Patient was a lady, 75 years of age, who was suddenly seized with sickness at the stomach and vomiting of blood in large quantities; then bloody stools followed, which were at first profuse, then became small and of bloody mucus. There was great tenesmus and pain in the bowels.
Aconite, Mercurius, Nux vomica, Ipecacuanha, Hamamelis and Sulphur, all tried as well as I knew how to select them at that time, but no relief came.
And at the end of twelve days my patient was rapidly going down and it looked to me as though she must die.
She had become so weak that she could not lift her head from the pillow.
By actual count the number of stools passed on cloths in the bed were 65, in 24 hours; the pains, number of passages and all symptoms were aggravated from sundown to sunrise.
Now during all this sickness this patient had been so nauseated and faint at the smell of cooking food that they had been obliged to keep the doors closed between her bedroom and the kitchen, which was two large rooms away.
I was not so well acquainted with Materia Medica then as now, and while I did not overlook the symptom did not know of any remedy that had it. But I had my Lippe text-book of Materia Medica in my carriage and I went out and got it and sat down by the bedside; determined to find that peculiar and persistent symptom and ” fight it out on that line if it took all summer. ”
I began at Aconite, and looked at the stomach symptoms of every remedy, until, the first time I remembered ever having noticed it, there it stood in plain English under Colchicum.
Then I looked in my medicine case for the remedy. None there, and I was four miles from home.
I had a box of Dunham’s 200ths under my carriage seat that had been there for over a year, but which I had never used for want of confidence in high potencies.
It was the best I could do for the present, so I dissolved a few pellets in a half-glass of cold water, and directed to give one teaspoonful after every passage of the bowels.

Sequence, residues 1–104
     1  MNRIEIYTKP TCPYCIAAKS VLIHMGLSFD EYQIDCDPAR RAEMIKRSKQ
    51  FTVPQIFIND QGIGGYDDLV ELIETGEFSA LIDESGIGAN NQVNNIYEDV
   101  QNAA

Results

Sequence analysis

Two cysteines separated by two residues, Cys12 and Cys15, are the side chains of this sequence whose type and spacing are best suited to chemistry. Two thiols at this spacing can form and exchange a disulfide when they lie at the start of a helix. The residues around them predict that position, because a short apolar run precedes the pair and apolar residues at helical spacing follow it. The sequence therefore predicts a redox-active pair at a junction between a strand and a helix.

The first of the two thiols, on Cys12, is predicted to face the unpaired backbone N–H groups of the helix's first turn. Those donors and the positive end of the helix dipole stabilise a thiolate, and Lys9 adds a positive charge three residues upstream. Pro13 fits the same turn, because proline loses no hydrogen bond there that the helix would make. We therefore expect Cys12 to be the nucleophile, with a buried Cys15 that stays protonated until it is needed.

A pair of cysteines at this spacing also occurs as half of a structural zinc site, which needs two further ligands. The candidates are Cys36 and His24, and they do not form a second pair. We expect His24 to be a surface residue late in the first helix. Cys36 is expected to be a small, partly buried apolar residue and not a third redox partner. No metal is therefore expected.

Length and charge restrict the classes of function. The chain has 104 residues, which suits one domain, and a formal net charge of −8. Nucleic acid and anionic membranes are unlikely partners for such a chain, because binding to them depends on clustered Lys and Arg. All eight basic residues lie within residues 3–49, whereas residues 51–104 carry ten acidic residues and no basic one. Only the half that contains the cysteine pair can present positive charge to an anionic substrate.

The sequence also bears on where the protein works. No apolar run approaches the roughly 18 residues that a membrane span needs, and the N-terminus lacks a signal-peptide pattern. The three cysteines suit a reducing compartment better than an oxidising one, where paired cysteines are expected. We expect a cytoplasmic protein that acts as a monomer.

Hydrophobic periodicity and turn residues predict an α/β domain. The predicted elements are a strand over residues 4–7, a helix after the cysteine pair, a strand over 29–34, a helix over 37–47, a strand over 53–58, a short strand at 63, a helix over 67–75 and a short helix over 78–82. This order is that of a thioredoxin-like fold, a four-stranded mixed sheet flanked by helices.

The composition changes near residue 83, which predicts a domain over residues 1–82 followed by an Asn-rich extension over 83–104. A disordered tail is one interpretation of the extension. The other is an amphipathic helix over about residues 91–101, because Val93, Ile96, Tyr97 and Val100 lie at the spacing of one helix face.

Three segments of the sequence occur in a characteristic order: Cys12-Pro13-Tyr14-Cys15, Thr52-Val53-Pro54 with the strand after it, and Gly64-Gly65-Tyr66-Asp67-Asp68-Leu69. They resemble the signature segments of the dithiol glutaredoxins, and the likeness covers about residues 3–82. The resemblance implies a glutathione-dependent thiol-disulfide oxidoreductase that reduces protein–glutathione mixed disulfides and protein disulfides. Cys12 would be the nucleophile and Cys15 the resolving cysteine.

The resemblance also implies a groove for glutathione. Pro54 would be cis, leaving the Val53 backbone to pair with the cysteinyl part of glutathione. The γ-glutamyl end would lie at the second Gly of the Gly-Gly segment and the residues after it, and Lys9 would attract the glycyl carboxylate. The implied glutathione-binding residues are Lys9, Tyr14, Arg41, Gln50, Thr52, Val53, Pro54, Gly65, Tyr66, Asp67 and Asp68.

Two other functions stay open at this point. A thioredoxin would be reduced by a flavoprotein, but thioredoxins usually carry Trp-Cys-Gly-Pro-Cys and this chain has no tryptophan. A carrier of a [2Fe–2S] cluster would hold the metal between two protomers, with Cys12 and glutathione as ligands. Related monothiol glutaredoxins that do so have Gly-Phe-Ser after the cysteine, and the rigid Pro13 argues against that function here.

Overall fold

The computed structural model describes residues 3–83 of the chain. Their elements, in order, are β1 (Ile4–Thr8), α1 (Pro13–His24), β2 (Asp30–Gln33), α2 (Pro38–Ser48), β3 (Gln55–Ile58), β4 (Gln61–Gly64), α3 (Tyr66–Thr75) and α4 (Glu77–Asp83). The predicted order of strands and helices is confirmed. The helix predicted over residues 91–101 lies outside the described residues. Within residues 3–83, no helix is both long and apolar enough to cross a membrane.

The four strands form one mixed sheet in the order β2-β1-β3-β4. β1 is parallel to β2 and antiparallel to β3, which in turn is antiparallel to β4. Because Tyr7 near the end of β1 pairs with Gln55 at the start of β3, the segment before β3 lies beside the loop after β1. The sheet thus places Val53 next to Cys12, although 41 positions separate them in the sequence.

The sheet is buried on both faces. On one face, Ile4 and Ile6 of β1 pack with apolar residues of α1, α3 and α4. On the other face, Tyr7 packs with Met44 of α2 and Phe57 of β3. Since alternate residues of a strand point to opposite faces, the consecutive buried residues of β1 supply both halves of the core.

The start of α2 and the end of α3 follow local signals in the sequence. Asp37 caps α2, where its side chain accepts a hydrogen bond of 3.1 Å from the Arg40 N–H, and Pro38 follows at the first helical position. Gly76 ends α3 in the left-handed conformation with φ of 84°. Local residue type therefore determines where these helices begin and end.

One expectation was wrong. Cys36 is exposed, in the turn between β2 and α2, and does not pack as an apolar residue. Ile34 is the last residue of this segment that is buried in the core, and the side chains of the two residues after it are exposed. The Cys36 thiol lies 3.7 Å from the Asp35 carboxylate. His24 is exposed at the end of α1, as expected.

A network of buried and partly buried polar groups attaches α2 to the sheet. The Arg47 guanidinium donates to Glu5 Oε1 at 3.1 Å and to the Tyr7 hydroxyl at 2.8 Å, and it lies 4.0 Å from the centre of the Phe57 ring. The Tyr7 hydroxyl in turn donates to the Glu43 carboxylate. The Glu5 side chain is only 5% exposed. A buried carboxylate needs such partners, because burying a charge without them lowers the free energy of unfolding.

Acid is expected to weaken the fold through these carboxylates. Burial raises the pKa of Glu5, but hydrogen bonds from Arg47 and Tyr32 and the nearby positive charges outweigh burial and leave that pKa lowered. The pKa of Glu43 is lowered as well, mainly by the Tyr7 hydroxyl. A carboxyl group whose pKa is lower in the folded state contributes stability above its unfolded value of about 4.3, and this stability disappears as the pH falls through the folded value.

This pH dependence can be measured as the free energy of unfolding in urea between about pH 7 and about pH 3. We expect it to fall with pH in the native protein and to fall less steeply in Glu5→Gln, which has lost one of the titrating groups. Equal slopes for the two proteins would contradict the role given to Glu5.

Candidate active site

On my way home I stopped my horse two or three times to turn around and go back and give that poor suffering woman some medicine.
I felt guilty, but I said to myself this is Lippe’s Materia Medica, and these are Carrol Dunham’s potencies, and here is a clean cut indication for its administration, and the other symptoms do not counter-indicate.
Well, I got home.
But I started early the next morning to try and make amends for my rashness (if the patient was not dead) of yesterday.
Imagine my surprise as I stepped into the sickroom when my patient slowly turned her head upon the pillow and said, with a smile, “Good morning, Doctor”.
I had been met with a groan several past mornings. I felt faint myself then. I dropped into a chair by the bedside and remarked, “You are feeling better.”
“Oh, yes, Doctor.”
“How much of that last medicine did you take?”
“Two doses; I only had two more stools after you left.”
“Don’t you have any more pain?”
“Pain stopped like that” (putting her hands together) “and I feel well except weakness.”
She took no more medicine, quickly recovered and was perfectly well for five years after, and finally died at 80 years of age.
I never got over that surprise. Convinced against my will, but not of the same opinion still.
It was a case of my own practice to illustrate the value of this symptom – “the smell of food cooking nauseates to faintness“, and it was also my first experience with a potency as high as the 200th.